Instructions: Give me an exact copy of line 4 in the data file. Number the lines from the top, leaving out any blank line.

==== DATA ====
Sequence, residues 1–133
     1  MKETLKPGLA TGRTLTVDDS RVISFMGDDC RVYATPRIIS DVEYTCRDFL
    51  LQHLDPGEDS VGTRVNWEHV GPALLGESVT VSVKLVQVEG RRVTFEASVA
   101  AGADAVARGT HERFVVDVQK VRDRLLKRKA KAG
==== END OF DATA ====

   101  AGADAVARGT HERFVVDVQK VRDRLLKRKA KAG